Fired Minneapolis police officer Derek Chauvin's trial in connection with George Floyd's death will take place in March, while his three former colleagues will stand trial five months later.

Hennepin County District Judge Peter Cahill's order splitting the trial into two reverses his previous position on the matter, and presents a host of challenges and advantages for the prosecution and defense attorneys.

Chauvin will be tried in Hennepin County starting March 8; J. Alexander Kueng, Thomas Lane and Tou Thao, who also were all fired, will be tried in one trial starting Aug. 23, Cahill ruled in an order made public Tuesday.

The judge wrote that COVID-19, social distancing protocol and uncertainty about the vaccine rollout prevented the four defendants from being tried in one trial as he previously ruled in November.

"The physical limitations of courtroom C-1856, the largest courtroom in the Hennepin County Government Center, make it impossible to comply with COVID-19 physical restrictions in a joint trial," Cahill wrote.

The revelation occurred last Friday when the four defense attorneys consulted with Hennepin County Chief Judge Toddrick Barnette and expressed their intentions to each have a second attorney or a legal aide at their table during trial. Barnette e-mailed Cahill last Friday urging him to split up the trial because of COVID concerns, noting that the courtroom could accommodate three defendants at most.

Attorney General Keith Ellison, whose office is leading the prosecution with assistance from the Hennepin County Attorney's Office, maintained that all four defendants should be tried together to avoid retraumatizing witnesses and family members, and to limit prejudicing potential jurors between trials.

His office previously requested one trial, and filed a motion last month asking Cahill to delay the trial until June 7 when more people would be vaccinated against COVID-19.

"We believe, and independent public health experts agree, that with the advent of the vaccine the threat will be significantly abated by mid-year," Ellison said in a written statement. "… Nevertheless, we are fully prepared and look forward to presenting our case to a jury whenever the Court deems fit."

Chauvin's attorney, Eric Nelson, and Thao's attorneys, Robert and Natalie Paule, also filed separate motions last month asking to delay the trial to an unspecified date and to July 5, respectively, in order to deal with copious evidence.

Nelson and Kueng's attorney, Thomas Plunkett, declined to comment on Cahill's most recent ruling. Lane's attorney, Earl Gray, said, "Good. I had a motion pending for severance." Robert Paule did not respond to requests for comment.

Cahill also ruled that prosecutors did not intentionally mishandle how evidence was shared with defense attorneys. Each defense attorney argued at a hearing last week that prosecutors shared irrelevant material, sandwiched key evidence in between unimportant information, provided duplicates and missed deadlines.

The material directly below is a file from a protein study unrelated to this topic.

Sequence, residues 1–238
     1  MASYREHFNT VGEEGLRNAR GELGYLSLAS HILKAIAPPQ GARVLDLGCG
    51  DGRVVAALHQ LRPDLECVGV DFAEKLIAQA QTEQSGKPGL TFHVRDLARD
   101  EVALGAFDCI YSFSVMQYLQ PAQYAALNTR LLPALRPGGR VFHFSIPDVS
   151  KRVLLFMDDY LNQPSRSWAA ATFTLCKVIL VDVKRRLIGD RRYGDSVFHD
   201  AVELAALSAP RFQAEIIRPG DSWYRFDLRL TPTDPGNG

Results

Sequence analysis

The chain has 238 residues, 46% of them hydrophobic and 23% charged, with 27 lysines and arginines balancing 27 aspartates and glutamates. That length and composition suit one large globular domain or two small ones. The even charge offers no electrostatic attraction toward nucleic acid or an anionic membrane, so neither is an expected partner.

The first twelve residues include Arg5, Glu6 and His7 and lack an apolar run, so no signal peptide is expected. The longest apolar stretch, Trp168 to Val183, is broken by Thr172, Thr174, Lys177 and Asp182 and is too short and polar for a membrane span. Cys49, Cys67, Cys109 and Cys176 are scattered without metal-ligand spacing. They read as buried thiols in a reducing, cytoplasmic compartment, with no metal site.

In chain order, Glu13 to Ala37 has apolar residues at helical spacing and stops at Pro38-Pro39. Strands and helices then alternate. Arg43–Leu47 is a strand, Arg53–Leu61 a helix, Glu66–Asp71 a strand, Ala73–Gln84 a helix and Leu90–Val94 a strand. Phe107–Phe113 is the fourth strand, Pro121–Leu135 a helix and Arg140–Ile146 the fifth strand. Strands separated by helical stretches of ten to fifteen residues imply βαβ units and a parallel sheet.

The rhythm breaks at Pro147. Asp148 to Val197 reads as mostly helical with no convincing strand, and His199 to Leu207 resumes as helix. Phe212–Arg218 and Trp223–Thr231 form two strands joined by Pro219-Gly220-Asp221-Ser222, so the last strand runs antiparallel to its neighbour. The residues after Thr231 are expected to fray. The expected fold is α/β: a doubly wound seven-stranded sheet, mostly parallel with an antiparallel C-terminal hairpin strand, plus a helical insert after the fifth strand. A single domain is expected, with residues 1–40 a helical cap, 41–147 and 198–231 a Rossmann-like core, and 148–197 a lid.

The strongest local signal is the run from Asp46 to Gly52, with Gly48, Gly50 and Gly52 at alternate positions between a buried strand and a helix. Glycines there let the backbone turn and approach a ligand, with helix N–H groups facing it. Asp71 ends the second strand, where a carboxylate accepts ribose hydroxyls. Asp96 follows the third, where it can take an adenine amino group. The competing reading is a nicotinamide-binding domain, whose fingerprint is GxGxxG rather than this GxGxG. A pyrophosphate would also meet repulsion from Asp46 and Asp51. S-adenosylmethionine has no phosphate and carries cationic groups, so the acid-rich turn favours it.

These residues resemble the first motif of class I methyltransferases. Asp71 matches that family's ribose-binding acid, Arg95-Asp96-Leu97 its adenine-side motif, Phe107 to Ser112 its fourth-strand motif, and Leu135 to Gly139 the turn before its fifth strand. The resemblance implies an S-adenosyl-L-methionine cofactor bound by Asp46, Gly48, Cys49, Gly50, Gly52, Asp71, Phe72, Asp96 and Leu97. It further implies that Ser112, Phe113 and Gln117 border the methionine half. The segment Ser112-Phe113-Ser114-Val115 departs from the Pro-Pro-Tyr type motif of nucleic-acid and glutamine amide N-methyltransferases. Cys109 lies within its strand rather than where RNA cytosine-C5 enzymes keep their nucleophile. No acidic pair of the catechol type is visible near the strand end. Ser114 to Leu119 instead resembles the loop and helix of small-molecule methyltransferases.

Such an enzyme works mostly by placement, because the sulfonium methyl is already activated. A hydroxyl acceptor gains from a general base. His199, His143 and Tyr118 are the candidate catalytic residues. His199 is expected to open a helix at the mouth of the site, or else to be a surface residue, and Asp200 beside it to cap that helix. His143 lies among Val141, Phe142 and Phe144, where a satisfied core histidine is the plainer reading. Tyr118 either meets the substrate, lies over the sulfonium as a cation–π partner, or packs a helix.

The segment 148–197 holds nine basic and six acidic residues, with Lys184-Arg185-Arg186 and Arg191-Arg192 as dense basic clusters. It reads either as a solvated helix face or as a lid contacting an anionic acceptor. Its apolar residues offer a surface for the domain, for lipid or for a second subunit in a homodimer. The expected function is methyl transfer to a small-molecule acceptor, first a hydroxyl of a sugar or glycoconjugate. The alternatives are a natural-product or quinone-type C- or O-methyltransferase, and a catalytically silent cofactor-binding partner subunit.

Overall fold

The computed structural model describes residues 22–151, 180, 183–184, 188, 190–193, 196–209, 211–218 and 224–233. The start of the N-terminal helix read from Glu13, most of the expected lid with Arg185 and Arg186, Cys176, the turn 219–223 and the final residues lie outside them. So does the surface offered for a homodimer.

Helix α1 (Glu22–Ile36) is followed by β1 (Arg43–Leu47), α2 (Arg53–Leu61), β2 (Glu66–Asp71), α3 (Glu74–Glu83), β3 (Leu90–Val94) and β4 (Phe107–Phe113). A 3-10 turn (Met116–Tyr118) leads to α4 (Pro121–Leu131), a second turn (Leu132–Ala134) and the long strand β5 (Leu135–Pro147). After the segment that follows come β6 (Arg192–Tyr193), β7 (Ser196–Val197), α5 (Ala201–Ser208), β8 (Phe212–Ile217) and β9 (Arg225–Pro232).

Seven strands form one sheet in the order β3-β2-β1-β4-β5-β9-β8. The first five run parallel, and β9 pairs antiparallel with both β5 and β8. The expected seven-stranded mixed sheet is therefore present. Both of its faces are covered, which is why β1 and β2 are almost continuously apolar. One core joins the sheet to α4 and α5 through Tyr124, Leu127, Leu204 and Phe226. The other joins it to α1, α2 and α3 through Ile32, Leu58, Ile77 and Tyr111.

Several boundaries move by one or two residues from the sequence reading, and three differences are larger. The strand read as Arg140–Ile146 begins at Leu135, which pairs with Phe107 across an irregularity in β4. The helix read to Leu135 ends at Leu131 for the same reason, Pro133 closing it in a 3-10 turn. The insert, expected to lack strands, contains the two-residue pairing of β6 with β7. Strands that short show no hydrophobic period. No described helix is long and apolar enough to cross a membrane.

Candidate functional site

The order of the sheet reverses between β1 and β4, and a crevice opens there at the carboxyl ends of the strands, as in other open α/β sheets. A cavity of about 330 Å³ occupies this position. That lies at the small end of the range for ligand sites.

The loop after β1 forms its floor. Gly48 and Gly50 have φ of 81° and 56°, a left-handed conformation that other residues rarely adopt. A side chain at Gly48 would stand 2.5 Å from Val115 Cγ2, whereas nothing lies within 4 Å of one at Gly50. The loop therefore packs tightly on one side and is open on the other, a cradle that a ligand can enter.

Prosecutors shared evidence as they received it from the source, Cahill ruled, adding that one document was shared several days late in violation of the court's deadlines.

Veteran attorneys and law professors said the new scheduling arrangement will strain the state's resources and spare Chauvin the trouble of fending off co-defendants who blame him for Floyd's death.

It also strongly favors the three defendants who will stand trial in August, they said.

"I'd rather be the attorney for one of the three [co-defendants] than the attorney for Chauvin right now," said Joseph Daly, emeritus professor at Mitchell Hamline School of Law.

Chauvin is charged with second-degree murder and manslaughter; the others are charged with aiding and abetting murder and manslaughter.

"It's very hard on witnesses, it's hard on the court system and it's hard on the prosecutor to do repeat trials of largely the same evidence," said former Ramsey County Attorney Susan Gaertner. "That certainly is amplified in a case like this where there is so much public attention."

Each defense attorney previously requested a separate trial, citing antagonistic defenses. Kueng and Lane's attorneys have blamed Chauvin, who knelt on Floyd's neck for more than nine minutes and was the most senior officer at the scene.

Thao's attorneys have said he was controlling an angry crowd and never laid a hand on Floyd as his colleagues pinned Floyd stomach-down in the street.

"The problem in joint trials is you have to be just as careful about what your [co-defendant] does as what the prosecutor does," said defense attorney Joe Friedberg, who is not involved in the case.

One possible pitfall of the separate trials, Friedberg noted, is it reduces the chances of a jury compromising with its verdict by convicting some defendants and acquitting others.

Kueng, Lane and Thao's attorneys will have the rare opportunity to preview their clients' trial by watching Chauvin's trial, which will be livestreamed. That will give them valuable insight into the prosecution's posture in the case, Cahill's rulings and witnesses' strengths and weaknesses.

"It's always helpful to see what the prosecution's going to do," Daly said. "In some ways, it's like a play and you try to organize [a trial] in a way that will have the most affect on the jurors."

Chauvin's absence from their trial could also cool any juror's negative feelings toward them, legal scholars said.

"There's always the guilt-by-association problem, and it flows downhill to the accomplices," said Richard Frase, a University of Minnesota law professor and co-director of the Robina Institute of Criminal Law and Criminal Justice.

Staff writer Paul Walsh contribute to this report.

Chao Xiong • 612-270-4708